Jonathan Jones’ new series of fluorescent light structures and woodblock prints are an investigation of the openings, meeting points and intersections that occur between places and people. Jones’ interest in the spaces in-between, and the relationships between indigenous and non-indigenous peoples, is articulated through the play of positive and negative space marked out in light as well as printed from wooden templates.
In her 2010 catalogue essay, Jonathan Jones, curator Anna-Marie White suggested that the power and potency of Jones’ work came not just from this interplay of space, nor from its apparent relationship to modernism (Dan Flavin, Donald Judd, Bill Culbert, etc), but rather from its revelation of Jones’ Aboriginal (Wiradjuri / Kamilaroi) aesthetic traditions. White argued that Jones’ project was to initiate “cross-cultural dialogues of [his] own making, rather than being defined and contained within the western discourse of ‘otherness’.”
For Jones these dialogues, together with his ideas around openings and meeting points, are witnessed in the histories of significant indigenous cultural sites; notably Coranderrk Aboriginal Mission near Melbourne (Australia) and Parihaka Pa in Taranaki (New Zealand). Founded in the 1860s, both these indigenous communities emerged after displacement caused by European colonisation. Today, more than 150 years later, Coranderrk and Parihaka continue to exemplify indigenous leadership within a changing world.
The community of Coranderrk, established by a group of Wurundjeri elders led by William Barak and his cousin Simon Wonga, became a successful and fully Aboriginal-managed enterprise. Barak, who witnessed the colonisation of his country first-hand, ensured that his people flourished during extraordinary and difficult times. But the then government of Victoria – threatened by the community’s success – took measures to remove nearly all of Coranderrk’s young people through a new ‘Half-Caste Act’ (1886). This effectively destroyed the community. At around the same time in Taranaki the community of Parihaka was founded by the Maori prophets Te Whiti o Rongomai and Tohu Kakahi. In similar fashion, in order to seize their land, the Government arrested and exiled almost all the Parihaka men. The community was razed to the ground. In order to assert and recognise their rights the people of Coranderrk and Parihaka ran campaigns of passive resistance against their Governments and in both communities significant acts of non-violent resistance were delivered with generosity, intelligence and dignity. Their philosophies remain valid and (if acknowledged) have the power to inform and enrich our ways of living today.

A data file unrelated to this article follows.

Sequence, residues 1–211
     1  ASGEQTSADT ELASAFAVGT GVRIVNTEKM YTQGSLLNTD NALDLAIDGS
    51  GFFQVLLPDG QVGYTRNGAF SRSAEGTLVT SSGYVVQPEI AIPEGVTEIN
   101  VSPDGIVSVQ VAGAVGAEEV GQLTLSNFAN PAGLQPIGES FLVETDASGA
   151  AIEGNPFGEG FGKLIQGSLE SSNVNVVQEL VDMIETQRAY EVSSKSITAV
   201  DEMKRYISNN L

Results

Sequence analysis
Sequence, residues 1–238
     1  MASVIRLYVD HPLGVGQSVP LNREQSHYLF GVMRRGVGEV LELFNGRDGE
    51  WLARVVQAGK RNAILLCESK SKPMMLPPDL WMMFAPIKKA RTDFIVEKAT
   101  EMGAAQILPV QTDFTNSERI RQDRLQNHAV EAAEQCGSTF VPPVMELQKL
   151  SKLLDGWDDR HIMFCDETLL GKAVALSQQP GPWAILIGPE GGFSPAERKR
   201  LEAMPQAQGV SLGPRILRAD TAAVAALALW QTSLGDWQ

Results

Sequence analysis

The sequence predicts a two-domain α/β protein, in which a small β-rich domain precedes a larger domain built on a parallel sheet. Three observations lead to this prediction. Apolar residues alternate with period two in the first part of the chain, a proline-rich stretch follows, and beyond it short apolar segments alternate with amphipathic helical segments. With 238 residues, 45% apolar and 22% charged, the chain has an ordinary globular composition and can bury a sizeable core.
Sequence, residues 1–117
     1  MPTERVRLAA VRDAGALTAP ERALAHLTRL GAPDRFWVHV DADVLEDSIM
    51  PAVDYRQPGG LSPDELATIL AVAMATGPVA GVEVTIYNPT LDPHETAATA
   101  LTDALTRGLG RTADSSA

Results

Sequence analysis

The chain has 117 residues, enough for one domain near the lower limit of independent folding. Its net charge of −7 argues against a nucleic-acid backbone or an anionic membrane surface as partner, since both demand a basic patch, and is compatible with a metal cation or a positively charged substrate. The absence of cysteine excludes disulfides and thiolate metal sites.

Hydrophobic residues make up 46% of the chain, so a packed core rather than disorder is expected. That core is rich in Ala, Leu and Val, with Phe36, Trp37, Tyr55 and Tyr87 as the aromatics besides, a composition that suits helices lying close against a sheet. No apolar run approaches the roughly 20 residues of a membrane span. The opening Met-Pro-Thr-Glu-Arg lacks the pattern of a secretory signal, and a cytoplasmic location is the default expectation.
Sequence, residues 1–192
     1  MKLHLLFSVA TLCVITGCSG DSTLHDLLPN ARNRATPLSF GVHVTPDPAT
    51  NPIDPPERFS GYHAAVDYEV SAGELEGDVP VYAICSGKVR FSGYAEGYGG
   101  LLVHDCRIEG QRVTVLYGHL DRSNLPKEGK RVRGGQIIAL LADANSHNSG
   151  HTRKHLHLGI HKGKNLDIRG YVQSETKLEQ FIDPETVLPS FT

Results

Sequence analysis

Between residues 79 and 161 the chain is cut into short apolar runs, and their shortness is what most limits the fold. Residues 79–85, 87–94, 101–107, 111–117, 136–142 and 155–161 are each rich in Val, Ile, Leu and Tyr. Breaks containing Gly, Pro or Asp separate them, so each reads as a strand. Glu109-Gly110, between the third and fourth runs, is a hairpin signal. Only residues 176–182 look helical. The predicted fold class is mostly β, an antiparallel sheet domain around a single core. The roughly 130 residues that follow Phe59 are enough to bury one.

Jones’ fluorescent light structures lean rather than hang on the wall, the glowing open frames delivering their weight at the point of contact with some pressure. Their casual installation references the style of ‘ready-mades’ as well as certain elements of traditional Aboriginal architecture. The openings created by the lights’ arrangement speak of history while also seeming to offer new ways forward. They are thresholds. The leaning structures embrace and acknowledge their space and locale, and light is employed as a means of representing exposure to knowledge as well as a literal manifestation of ‘life force’ and enlightenment – a concept related to all cultural systems.
Jones’ suite of woodblock prints evokes the carved patterns found on classic Aboriginal material from the Australian south-east. A single rhomboid design has been carved into recycled wood and used as the printing template for a suite of six works. ‘Murru’ is the Wiradjuri word for ‘engraving’ and the designs refer to engravings found on Wiradjuri objects recently researched by Jones at the British Museum. Traditional ‘murru’ operate as maps of cultural patterns, concepts and ideas which – as with light – become metaphors for the ways in which communities operate. They too offer new systems of understanding and help revive new cultural networks.
Tim Melville is pleased to present Jonathan Jones’ second New Zealand solo exhibition.
Supported by Sherman Contemporary Art Foundation, Sydney.
Photography: Kallan MacLeod